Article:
Seriously now, when I was in Oz what I remember doing with my family is taking advantage of all the ethnic Asian cuisine you have all around- we didn't have much experience so one night we did Indian, the next Japanese, then Thai, etc. Even if you've had a bunch of awesome Asian food in your lifetime there's no way this plan wouldn't be awesome. :)

lauracatherine

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  • Added on: November 7th, 2010
Oh Tim Tams, how I miss thee.

And then you gotta do a "Tim Tam Slam": bite off the opposite diagonal ends at the corner and use it as a straw for your tea, coffee, or hot chocolate. It melts in your mouth if you catch it quick enough!

Send me some while you're there? Puh-lease! ;)
"i'm on my way, don't know where i'm goin..."~Paul Simon, Me and Julio

LilaBear

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  • Added on: November 7th, 2010
My dad introduced me to Tim Tam Slams with port. I didn't give it a go, ew :-\ and I don't drink tea of coffee. Will have to try it with hot chocolate sometime...

jackberry

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  • Added on: December 15th, 2010
larizzle wrote:The locals can correct me on this one, but I couldn't track down much genuine Australian food outside of a kangaroo burger. My couchsurfing host described Australian food much like the choices one would find in the US... only the Asian dishes are more delicious. The yum-cha right across from Paddy's Market in Sydney was quite good, and I indulged in Tim Tams. Never did try a 'roo burger though.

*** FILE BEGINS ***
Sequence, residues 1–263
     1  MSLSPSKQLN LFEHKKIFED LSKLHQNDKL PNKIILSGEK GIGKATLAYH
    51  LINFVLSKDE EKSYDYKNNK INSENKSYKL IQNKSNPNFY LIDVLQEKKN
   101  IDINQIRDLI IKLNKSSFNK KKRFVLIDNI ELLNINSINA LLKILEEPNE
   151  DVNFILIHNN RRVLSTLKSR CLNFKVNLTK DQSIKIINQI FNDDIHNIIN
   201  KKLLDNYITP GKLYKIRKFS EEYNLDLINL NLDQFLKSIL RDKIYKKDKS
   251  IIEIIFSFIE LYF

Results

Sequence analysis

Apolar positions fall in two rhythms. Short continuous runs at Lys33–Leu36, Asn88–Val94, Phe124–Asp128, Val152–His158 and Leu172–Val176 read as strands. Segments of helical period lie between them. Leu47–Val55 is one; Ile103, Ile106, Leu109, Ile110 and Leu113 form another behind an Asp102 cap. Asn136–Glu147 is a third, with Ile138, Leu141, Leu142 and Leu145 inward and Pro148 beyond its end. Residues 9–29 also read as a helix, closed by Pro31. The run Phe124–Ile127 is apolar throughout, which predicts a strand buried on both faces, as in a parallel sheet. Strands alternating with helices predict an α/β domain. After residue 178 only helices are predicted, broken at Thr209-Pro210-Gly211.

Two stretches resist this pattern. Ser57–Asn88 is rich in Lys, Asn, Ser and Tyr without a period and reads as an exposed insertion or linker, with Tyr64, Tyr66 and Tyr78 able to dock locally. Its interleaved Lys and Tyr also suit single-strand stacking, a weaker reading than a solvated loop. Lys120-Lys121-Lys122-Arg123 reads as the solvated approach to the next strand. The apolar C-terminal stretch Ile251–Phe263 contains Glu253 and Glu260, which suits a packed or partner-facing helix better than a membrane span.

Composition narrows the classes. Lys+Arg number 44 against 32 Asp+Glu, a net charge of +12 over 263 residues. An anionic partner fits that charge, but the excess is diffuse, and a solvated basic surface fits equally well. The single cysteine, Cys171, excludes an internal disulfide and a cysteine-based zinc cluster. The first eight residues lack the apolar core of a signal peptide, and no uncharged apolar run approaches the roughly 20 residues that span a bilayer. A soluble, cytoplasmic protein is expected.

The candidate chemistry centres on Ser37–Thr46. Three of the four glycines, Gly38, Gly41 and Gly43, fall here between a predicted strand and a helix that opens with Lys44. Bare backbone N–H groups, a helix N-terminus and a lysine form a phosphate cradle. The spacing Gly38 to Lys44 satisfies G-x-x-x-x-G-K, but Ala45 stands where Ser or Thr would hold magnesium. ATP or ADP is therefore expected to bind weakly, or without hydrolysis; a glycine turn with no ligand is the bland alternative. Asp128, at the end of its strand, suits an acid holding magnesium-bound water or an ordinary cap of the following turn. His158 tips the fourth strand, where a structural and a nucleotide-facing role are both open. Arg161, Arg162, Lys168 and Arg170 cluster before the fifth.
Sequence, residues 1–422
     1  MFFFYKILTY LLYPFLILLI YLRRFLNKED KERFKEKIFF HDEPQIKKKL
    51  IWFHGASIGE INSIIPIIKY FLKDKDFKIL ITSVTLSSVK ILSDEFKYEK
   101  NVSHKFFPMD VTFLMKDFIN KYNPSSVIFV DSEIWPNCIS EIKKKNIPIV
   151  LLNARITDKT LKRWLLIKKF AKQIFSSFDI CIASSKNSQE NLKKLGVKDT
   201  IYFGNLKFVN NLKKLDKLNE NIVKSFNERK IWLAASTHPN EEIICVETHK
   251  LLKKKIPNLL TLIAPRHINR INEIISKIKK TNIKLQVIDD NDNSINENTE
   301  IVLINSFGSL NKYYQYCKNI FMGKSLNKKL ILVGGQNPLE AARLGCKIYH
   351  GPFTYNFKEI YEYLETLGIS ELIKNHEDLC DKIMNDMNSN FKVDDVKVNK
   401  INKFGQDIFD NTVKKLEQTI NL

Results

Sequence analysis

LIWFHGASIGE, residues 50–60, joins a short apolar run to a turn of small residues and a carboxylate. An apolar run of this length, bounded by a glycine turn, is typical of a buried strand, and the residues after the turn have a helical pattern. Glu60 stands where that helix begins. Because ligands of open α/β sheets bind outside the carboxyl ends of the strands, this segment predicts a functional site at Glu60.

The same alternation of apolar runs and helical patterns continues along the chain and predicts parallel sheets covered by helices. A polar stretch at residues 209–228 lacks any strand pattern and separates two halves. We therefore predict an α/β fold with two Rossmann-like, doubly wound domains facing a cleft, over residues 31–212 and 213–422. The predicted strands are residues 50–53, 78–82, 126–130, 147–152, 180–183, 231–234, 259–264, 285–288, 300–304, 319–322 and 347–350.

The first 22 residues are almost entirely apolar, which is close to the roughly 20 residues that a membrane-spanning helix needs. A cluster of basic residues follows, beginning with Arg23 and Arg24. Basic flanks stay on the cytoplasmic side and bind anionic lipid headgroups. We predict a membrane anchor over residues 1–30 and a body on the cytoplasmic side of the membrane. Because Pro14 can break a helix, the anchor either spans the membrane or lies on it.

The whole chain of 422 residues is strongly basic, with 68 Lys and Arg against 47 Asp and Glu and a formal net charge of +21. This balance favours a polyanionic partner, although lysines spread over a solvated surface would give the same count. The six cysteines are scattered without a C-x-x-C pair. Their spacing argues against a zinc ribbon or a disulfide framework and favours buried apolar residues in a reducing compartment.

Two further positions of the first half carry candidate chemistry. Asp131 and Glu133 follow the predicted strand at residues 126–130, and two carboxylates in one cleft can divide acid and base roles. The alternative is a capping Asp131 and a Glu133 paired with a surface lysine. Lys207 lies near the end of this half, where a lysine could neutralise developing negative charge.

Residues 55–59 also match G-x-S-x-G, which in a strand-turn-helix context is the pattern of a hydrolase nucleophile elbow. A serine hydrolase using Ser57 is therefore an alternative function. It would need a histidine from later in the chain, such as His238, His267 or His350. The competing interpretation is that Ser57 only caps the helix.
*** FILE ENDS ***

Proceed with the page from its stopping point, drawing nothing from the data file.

Oh yeah, the beer is stellar. James Boag Premium Lager. Mmm.

Also... if you're only planning a visit there, why is your signature a link to Australian Immigration..? :confuse:


Wow! thanks a lot. And regarding on my link Australian immigration. Well am just happy with they're services, that's why I make them as my signature.

KenLuck

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  • Added on: December 17th, 2010
Does anyone have the recipe of Tim Tam?

busman7

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  • Added on: December 17th, 2010
Seems to me that I remember the big thing on the menu being a combo platter of Emu, Crocodile, Kangaroo & Camel, sausage platter was fairly reasonable but with cuts of meat was insanely pricey.

Of course the meat pies at bus stops, first time I ever heard of meat pies as finger food though!
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larizzle